The ancients understood that the body was primarily liquids: water and blood. Water becomes active when heated, such as boiling water inside of a pot by placing the pot over a fire. The ancients considered your breath hot, akin to fire. On a cold winter’s day, it’s normal to breath on your hands to warm them up. A deep exhale produces steam against the cold air.
During Neh Gong Bup, activating the breath (heat) stimulates the blood, generating Ki, which can be translated as life energy. As the blood is “warmed” through the breath, it moves more easily through the body, providing life to our cells. This process can be described by the character for “Ki” (Chi or Qi in Chinese) on the right.
Breath is an essential element in Moo Duk Kwan training. Our sincere effort in training can be categorized in three distinct areas: Shim Gong or mental effort, Neh Gong or internal effort, and Weh Gong external effort.
The three work together as follows:
Shim Gong is our sincere mental effort in training. The process must start with the right intention to arrive at the right result. This intention is called Uido. If the intent is always focused on the dan jun, we can maintain proper choong shim, or a centered mind.
Neh Gong is our sincere internal effort in training and focuses on breath. The breath comes from the dan jun. As you inhale, the dan jun expands like a bellows, in all directions, not only the front of the body. Direct your mind to the dan jun and imagine your lower spine expanding when you inhale and your dan jun contracting while you exhale. Referring to the character above, breathing heats the dan jun, which cooks the rice, which provides energy to the body. Some techniques require “reverse breathing” where the dan jun contracts on inhale and expands on exhale.
Weh Gong is our sincere physical effort in training and focuses around the huri. The huri, or the waist, houses the dan jun and is the focus of our mind intention. Connecting to the earth with a strong jaseh and then shifting and twisting the huri, creates the proper line, speed, and beauty (sun sok mi) of our technique.
Beginning with the right mind intention and focusing on the dan jun creates the proper breathing. The proper breathing provides the energy (ki) to move the body via the huri. Connecting all three results in the right action.
“Moo Do” has often been translated as “martial art”. This translation does not convey the rich philosophical roots of our art. The word “Moo” in Korean is based on the Chinese Character 武 and is generally translated as “martial” or “military” but the character also has the meaning of “action”. The character itself is made up of two separate characters “sword” or “spear and “to stop”, “to prohibit”, or “to till”.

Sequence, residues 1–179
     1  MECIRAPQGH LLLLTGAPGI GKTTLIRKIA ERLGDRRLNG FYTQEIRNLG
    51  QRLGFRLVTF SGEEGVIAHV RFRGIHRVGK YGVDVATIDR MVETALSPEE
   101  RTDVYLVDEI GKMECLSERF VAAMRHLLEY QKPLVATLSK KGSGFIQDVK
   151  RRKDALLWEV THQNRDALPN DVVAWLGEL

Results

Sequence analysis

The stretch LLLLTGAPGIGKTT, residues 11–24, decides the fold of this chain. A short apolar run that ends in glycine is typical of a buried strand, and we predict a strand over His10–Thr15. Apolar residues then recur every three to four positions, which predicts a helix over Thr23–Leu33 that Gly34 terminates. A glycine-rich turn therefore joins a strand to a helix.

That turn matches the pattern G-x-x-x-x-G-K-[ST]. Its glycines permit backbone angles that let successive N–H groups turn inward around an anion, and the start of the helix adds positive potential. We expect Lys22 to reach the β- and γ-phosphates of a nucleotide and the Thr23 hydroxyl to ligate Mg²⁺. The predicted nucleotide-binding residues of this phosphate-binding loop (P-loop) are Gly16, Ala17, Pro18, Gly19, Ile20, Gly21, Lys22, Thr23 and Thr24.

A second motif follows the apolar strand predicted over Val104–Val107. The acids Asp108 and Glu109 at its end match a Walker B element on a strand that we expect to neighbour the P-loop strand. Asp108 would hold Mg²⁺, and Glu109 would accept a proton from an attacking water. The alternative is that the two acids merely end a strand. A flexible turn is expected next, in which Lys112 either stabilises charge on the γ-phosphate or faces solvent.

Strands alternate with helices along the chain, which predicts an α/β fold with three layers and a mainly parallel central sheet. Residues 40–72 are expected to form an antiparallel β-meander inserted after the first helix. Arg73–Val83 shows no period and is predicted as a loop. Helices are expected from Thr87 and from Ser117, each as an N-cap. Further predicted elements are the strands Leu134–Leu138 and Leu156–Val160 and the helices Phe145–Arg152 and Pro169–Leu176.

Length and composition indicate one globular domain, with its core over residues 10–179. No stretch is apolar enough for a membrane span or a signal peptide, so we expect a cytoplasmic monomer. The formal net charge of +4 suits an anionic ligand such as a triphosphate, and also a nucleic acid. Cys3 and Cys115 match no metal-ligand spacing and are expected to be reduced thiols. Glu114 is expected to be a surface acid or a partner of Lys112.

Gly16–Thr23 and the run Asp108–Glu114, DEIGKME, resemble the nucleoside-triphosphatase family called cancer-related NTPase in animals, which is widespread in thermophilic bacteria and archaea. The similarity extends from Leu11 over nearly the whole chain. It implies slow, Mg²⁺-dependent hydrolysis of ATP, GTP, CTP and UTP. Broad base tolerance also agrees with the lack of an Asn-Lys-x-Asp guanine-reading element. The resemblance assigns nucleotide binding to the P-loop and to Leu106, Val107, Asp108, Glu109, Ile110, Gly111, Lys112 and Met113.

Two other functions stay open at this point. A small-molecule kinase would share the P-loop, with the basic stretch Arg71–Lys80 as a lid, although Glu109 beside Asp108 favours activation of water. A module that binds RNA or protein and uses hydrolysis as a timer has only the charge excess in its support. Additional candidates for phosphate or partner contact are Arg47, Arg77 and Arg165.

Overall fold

The word “Do” is based on Do the Chinese character 道 representing the Tao. “Do” has a board range of meanings: a path or The Path, The Way, a road, direction, principle, truth, morality, reason and skill.
The definition of “Moo Do” is much richer than the usual translation of “martial art.” It is the Way to the skillful action necessary to prevent conflict or war. It is the Path to balance and harmony both within ourselves and the society in which we live. Moo Do also includes the concept of our art being a means to experiencing the Do.
MOO DO JASEH
Soo Bahk Do Moo Duk Kwan is a living art. We often refer to our art as “Philosophy in Action.” We experience, express, and live this philosophy through our Moo Do Jaseh.
Moo Do Jaseh is the attitude with which we approach our art. It is present in all aspects of our practice. It is apparent in simple things like how we care for our Do Bok and how we treat our Dojang. Our Moo Do Jaseh is both expressed and strengthened through gestures of respect like bowing and saluting the flat; gestures that bring a ceremonial nature to our daily practice.
Moo Do Jaseh originates in our Maum. In Soo Bahk Do, Maum is the fountain of all actions. By itself, the body does not know what to do. The Body is the “What” in the process. It relies on the Maum for direction.
The Maum needs to “breathe”. The Maum breathes through our Moo Do Jaseh in the process of Spiritual Breathing. In this process:
Maum sends “instruction” to the physical body via the Breath and the Shi Sun (eyes). This is the Maum exhaling.
The Mome or the physical body receives these instructions. This is the physical body inhaling.
The Physical Body executes an action based on the instructions of the Maum. This is the physical body exhaling.
The Maum receives the fruits of the action and enjoys the “Positive Ending”. This is the Spirit inhaling.
When the body responds to the Maum, it sets up a feedback loop that nourishes and enriches Maum. The Maum now has an opportunity to empty or fill as needed by the situation. By doing so, the Maum Jaseh will find balance. By participating in this continuous process of Shil and Huh, Filling and Emptying, the Maum becomes alert, enlivened and nourished. It is relaxed, yet responsive to what is required in any given moment.
Whether or not there is a “Positive Ending” depends on our Moo Do Jaseh. At the outset, Shim Kong, Nae Kong, and Weh Kong are separate. With proper Moo Do Jaesh, they unite and become one through Spiritual Breathing. When Spirit, Breath, and Body unite and are in perfect harmony, one experiences the Do.
CULTIVATING MOO DO JASEH